• Development/Major Redevelopment Projects Under Construction Project Total Units Total Rental Ownership Developer Status Total Dev Cost Affordable Affordable Market Affordable Market Biddle Residences 6 5 5 1 0 0 Poverni Ventures Under construction $ 600,000 Calvert Street Properties 18 18 18 0 0 0 Empire Homes Under construction $ 2.9 million Lafayette Residences 10 10 10 0 0 0 Poverni Ventures Closing in 2014 $ 880,000 Manor South 90 90 90 0 0 0 CHAI Under construction $ 16.7 million Shannon House 18 18 18 0 0 0 Gaudenzia Under Construction $ 5.5 million
  • Development/Major Redevelopment Projects with Funding Awarded Project Total Units Total Rental Ownership Developer Status Total Dev Cost Affordable Affordable Market Affordable Market Bon Secours Gibbons Apartments 80 80 80 0 0 0 Unity Properties, Inc. Closing in 2015 $ 18.3 million City Arts II 60 60 60 0 0 0 Homes for America Closing in 2015 $ 14.2 million Mary Harvin 57 56 56 0 0 0 Woda Group Closing in 2014 $ 14.1 million Mulberry at Park I 68 68 68 0 0 0 Enterprise Housing Corp. Closing in 2015 $ 19.6 million Penn Square II 60 60 60 0 0 0 Woda Group Closing in 2014 $ 14.7 million 4227 Frederick Ave 9 9 9 0 0 0 CHA Closing in 2014 $ 1.2 million
  • Development/Major Redevelopment Multi-Phase Projects Project Total Units Total Rental Ownership Developer Status Total Dev Cost Total Development Completed Affordable Affordable Market Affordable Market Bailey Scattered Sites 35 35 35 0 0 0 HABC Phase 1 – 16 Units complete; 9 units under construction; Phase 2, 3 in pre-development $ 8.5 million $ 4 million Barclay 322 156 134 65 22 101 Telesis Corp. 4 Phases. Phase I Rental complete. Phase I Ownership complete. Phase II Rental under construction. $ 90 million $ 52.3 million O’Donnell Heights 925 TBD TBD TBD TBD TBD Michaels Development Company/Greater Baltimore AHC 4 Phases with sub- phases within each phase. Phase 1A is complete. $ 300 million $ 18 million Orchard Ridge 444 288 234 15 54 141 Pennrose Properties 3 phases of rental complete. 30 units of Homeownership under construction by Habitat of the Chesapeake. New rental phase closed. $ 94.3 million $ 77 million Poppleton Co-op 274 274 274 0 0 0 Hampstead Development Group 3 Phases - Phase I and II complete. Phase III funded. $ 9.1 million $ 41.3 million Preston Street Phases I-III 40 40 10 0 30 0 Mi Casa Complete $ 11.7 million $ 11.7 million Uplands 761 553 208 0 245 308 Uplands Visionaries Phase I Rental complete. Phase I Ownership under construction. $245.6 million $ 20.6 million
  • Baltimore City V2V Investment Areas
  • Greenmount Redevelopment Corridor
  • Greenmount Corridor - Johnston Square Johnston Square Development Activity
  • Greenmount Corridor - Johnston Square Johnston Square Development Activity
  • Mi Casa Rehabs on Preston St. Before Greenmount Corridor - Johnston Square
  • Mi Casa Rehabs on Preston St. After Greenmount Corridor - Johnston Square
  • Lillian Jones Apartments Greenmount Corridor - Johnston Square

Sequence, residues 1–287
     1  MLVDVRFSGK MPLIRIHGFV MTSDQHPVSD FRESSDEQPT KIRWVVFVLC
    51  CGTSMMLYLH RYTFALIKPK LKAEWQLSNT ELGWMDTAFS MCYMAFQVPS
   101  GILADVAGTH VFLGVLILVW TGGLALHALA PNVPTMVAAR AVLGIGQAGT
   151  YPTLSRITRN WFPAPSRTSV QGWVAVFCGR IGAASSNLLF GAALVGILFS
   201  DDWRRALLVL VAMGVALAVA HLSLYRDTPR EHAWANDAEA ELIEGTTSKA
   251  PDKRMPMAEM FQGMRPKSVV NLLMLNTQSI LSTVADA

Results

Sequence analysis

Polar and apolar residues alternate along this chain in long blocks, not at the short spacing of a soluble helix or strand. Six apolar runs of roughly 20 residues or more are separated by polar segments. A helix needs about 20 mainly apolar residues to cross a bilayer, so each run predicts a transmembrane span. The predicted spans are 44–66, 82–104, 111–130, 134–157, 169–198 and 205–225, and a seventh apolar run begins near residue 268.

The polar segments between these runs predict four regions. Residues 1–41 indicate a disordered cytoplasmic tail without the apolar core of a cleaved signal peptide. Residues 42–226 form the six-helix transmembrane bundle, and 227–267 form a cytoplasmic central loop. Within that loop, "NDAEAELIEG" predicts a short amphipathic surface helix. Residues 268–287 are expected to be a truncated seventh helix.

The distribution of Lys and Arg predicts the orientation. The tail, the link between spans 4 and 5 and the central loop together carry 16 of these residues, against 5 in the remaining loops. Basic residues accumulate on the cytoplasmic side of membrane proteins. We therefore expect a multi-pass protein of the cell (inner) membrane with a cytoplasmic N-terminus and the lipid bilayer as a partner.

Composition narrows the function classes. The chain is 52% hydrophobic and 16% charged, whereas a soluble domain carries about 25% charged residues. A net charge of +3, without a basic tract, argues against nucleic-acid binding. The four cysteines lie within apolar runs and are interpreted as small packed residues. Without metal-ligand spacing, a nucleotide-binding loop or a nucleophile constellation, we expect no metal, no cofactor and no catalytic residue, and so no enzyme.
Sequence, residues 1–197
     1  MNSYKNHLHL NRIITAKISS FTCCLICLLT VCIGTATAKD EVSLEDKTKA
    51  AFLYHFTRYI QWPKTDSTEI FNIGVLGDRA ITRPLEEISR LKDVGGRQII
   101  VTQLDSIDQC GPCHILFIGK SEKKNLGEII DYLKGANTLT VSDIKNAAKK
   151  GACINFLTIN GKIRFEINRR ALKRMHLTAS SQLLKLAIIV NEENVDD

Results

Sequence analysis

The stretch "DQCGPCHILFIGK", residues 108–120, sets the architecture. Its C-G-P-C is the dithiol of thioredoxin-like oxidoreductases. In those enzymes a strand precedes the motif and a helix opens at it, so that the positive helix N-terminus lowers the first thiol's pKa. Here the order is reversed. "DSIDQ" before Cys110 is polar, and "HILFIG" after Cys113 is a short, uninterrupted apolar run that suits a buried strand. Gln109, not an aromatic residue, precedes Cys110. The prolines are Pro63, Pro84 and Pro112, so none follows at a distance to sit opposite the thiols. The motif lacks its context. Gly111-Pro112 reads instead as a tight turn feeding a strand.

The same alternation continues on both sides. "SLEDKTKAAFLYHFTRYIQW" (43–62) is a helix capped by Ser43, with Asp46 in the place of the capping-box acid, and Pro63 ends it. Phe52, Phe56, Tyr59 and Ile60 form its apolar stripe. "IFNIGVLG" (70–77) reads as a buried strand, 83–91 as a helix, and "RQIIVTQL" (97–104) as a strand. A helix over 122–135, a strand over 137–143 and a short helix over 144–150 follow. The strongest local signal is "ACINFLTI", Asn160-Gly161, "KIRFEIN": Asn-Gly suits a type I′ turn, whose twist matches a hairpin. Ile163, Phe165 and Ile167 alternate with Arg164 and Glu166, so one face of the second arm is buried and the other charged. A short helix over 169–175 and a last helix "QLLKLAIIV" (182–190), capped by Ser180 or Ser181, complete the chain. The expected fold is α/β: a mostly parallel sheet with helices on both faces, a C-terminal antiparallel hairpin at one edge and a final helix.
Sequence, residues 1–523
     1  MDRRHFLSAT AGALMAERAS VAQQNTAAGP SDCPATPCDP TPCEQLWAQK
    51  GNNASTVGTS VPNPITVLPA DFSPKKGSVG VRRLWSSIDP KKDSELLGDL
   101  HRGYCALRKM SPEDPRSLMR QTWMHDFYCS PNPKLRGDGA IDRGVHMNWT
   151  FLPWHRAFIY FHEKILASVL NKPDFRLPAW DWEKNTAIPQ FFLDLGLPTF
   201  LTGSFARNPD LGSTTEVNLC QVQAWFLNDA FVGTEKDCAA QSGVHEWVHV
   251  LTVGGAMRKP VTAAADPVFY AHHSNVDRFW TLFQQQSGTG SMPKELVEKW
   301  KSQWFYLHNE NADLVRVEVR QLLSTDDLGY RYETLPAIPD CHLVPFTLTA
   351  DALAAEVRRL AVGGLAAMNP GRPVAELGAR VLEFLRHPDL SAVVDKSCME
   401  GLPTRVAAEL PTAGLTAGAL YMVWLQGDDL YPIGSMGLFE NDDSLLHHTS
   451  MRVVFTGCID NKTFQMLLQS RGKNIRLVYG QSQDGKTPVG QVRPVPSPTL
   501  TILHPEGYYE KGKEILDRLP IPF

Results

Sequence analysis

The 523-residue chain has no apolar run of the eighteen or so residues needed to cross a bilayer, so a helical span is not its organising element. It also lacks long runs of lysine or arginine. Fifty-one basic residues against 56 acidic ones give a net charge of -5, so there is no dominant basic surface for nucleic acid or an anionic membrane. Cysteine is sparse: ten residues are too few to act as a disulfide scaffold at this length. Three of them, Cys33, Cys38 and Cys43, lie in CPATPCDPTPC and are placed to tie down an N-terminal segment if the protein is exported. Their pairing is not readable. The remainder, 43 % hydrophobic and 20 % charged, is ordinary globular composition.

• Greenmount Corridor - Greenmount West
  • City Arts I Before Greenmount Corridor - Greenmount West City Arts I After
  • Baltimore Design School Before Greenmount Corridor - Greenmount West
  • Greenmount Corridor - Greenmount West Baltimore Design School After Photo from National Historic Trust Preservation Magazine Cover, May 2014 http://www.preservationnation.org/magazine/
  • Oliver St. Before Greenmount Corridor - Greenmount West
  • Oliver St. After Greenmount Corridor - Greenmount West
  • Montessori School Greenmount Corridor - Greenmount West
  • Greenmount Corridor - Barclay
  • NSP Rehabs on N. Calvert Street Greenmount Corridor - Barclay Infill New Construction on Barclay Street
  • Barclay Phase 2 Demolition Greenmount Corridor - Barclay
  • Barclay Phase 2 Redevelopment Greenmount Corridor - Barclay
  • Green Space at Barclay & 22nd Streets Greenmount Corridor - Barclay
  • East Baltimore Development Initiative (EBDI) & Periphery
  • EBDI & Periphery
  • 1200 Block N. Broadway Before EBDI & Periphery
  • 1200 Block N. Broadway After EBDI & Periphery
  • 1256 N. Broadway After EBDI & Periphery
  • 1400 Block of N. Bond St. Before EBDI & Periphery 1400 N. Bond St. After
  • Park Heights
  • Park Heights Park Heights Avenue Park Heights Avenue Site Clearance
  • Park Heights Renaissance Gardens Before (Formerly Pall Mall Apts.) Renaissance Gardens After
  • Park Heights Ripken Field
  • O’Donnell Heights
  • O’Donnell Heights O’Donnell Heights Proposed Master Plan  62 acres  $300M development project  925 Mixed income housing and rental units (75 Phase IA)  596 units demolished  New schools planned at both ends of the site  O'Donnell 1A is completed and leasing.  Phase 1B is in the planning stage.
  • O’Donnell Heights BEFORE
  • O’Donnell Heights After
  • Uplands
  • Uplands Before
  • Uplands After For SaleRental
  • Add body copy here (suggested font size is 18 pt, maximum and 12 pt as a minumum). The standard matching v2v body font suggested is: arial. Use this page to add images and as an image template. Duplicate this page and others as needed. West Baltimore Redevelopment Area Heritage Crossing HOPE VI Townes at the Terraces HOPE VI Red Line Station Red Line Station Red Line Hampstead Redevelopmen t Area University of Maryland Medical Center / Baltimore Campus Westside Redevelopment Area / Superblock Route 40 (Highway to Nowhere)
  • West Baltimore - Poppleton Before
  • West Baltimore - Poppleton After
  • West Baltimore - Poppleton/University of Maryland Bio-Park
  • West Baltimore - University of Maryland Bio-Park
  • Baltimore Housing: Two Agencies, One Mission